Jason Victor Serinus

Sort By: Post Date | Title | Publish Date
Filed under
Jason Victor Serinus Posted: Oct 22, 2006 2 comments
It's hardly news to see Moscode’s 401HR 200Wpc hybrid amplifier ($4995, factory-direct price until January 1) heaped with praise. But let me tell you, after walking in and out of countless rooms powered by single-ended triode amplification that got some things right while they pretended others simply didn’t exist, encountering Moscode’s full-range sound was tantamount to setting foot on terra firma. Mated with Joseph Audio RM33LE speakers ($10,500/pair) and Cardas Golden Reference cabling, the configuration had me smiling. Three cheers to the show attendee who played the song about pay phones by the Hunger Mountain Boys.
Filed under
Jason Victor Serinus Posted: Oct 22, 2006 2 comments
Peter Ledermann, former Director of Engineering at the Bozak Corporation and winner of numerous IBM awards, has spent the last 16 years developing the Soundsmith Corporation product line. Amplifier, preamplifier, phono cartridges, and now speakers—Soundsmith has it all. Available factory-direct from the Soundsmith website, the Strain Gauge cartridge and preamp and just-introduced loudspeakers especially caught my ear. The most expensive speaker, the Mantis 300, lists for $5800/pair and is equipped with dual 10" high-power woofers, a 6" long-throw midrange unit, and "zero diffraction," time-aligned 1" tweeters. Specs include 42Hz–22kHz frequency range and 91dB sensitivity. All speakers include amplifier clipping indicators and tweeter protection circuitry. Next January or so promises a $3800, 100Wpc integrated amp. This is exceptionally fine-sounding gear, a must hear for vinyl lovers.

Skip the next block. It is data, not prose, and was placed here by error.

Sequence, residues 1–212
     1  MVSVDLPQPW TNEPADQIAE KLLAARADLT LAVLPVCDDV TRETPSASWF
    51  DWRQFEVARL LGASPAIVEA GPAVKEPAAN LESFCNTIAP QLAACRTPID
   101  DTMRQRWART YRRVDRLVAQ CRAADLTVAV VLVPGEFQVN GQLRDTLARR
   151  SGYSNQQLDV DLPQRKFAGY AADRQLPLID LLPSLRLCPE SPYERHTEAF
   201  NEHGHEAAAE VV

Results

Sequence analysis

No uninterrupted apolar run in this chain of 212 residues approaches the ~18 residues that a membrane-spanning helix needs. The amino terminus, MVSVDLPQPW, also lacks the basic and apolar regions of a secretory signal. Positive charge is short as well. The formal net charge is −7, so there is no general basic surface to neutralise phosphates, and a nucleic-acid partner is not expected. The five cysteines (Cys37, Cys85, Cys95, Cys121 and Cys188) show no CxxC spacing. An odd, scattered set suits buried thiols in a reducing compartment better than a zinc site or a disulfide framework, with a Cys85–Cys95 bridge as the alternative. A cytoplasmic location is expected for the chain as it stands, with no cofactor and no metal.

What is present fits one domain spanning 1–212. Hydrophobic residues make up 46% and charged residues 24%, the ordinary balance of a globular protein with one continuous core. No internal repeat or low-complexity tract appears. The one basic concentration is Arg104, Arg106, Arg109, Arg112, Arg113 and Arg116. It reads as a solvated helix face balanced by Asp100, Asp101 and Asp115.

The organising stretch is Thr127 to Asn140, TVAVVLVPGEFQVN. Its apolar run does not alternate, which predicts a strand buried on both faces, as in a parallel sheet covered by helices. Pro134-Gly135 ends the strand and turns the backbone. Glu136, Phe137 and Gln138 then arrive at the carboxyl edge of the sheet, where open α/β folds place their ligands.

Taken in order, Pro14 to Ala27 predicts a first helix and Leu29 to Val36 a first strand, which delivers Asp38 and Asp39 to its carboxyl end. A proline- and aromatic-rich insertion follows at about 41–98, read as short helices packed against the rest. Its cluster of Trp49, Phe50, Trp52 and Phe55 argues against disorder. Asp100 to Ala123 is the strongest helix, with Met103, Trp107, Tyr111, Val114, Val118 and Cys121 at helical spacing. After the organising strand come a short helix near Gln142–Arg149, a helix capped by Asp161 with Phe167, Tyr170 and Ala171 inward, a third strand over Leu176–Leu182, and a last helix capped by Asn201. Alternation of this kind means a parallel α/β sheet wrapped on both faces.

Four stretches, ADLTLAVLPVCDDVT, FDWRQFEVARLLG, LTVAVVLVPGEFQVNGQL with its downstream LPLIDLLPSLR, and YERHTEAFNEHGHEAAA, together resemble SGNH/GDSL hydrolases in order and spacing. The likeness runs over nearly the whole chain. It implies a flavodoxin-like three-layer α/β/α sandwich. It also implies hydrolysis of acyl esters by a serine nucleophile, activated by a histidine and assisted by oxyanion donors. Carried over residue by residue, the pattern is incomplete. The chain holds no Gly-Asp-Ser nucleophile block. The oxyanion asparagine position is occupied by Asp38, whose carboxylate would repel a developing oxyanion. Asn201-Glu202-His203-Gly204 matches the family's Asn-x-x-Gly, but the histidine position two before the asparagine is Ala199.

Filed under
Jason Victor Serinus Posted: Oct 22, 2006 0 comments
My photo of the system in the Acoustic Sounds room featured the Manley Labs Snapper monoblock amplifiers. This was the system front-end, comprising (from top to bottom): Funk Firm Vector Turntable with MK3 tonearm and Lyra Dorian phono cartridge; Sutherland Direct Line Stage; Sutherland's new battery-powered Ph3D phono preamp; and Silver Circle Audio Pure Power One 5.0 power transformer. Rack is the Symposium Acoustics Isis.
Filed under
Jason Victor Serinus Posted: Oct 22, 2006 0 comments
Having read and heard copious praise of the two-chassis Metronome T2i-Signature CD player ($20,600), at times accompanied by claims that it can make CDs sound as good as SACDs reproduced in two-channel mode, I was eager to hear the new one-piece Metronome CD5-Signature player, distributed in the US by Jim Ricketts of tmh audio (above). The CD5-Signature, whose somewhat plain Jane appearance conceals both a tube output stage and variable volume control that can obviate the need for a preamp, retails for a "mere" $18,000. Introduced at the RMAF, it was powered by borrowed-at-the-last-minute Boulder monoblocks feeding Zerobox 109 loudspeakers (40Hz–35kHz response for $7500/pair) via Xindak cabling.
Filed under
Jason Victor Serinus Posted: Oct 21, 2006 2 comments
Rapidly approaching the staggering state observed among inveterate show attendees on Friday evening, I stumbled upon the debut of Duke Lejeune’s $4000/pair Jazz Modules. Note that the speakers were not intended specifically for jazz; the name came to Duke in a dream as he was preparing to graduate from amateur speaker builder to fledgling audiophile professional. With a claimed sensitvity of 92dB, the speakers extend from the upper 30s to about 17.5kHz. Port tuning is changeable according to listening position. Even with only two days of break-in—the woofers require several hundred hours to sound their best, Duke told me—the speakers threw a huge soundstage, and sounded remarkably full, warm and luscious in the midrange, I felt.
Filed under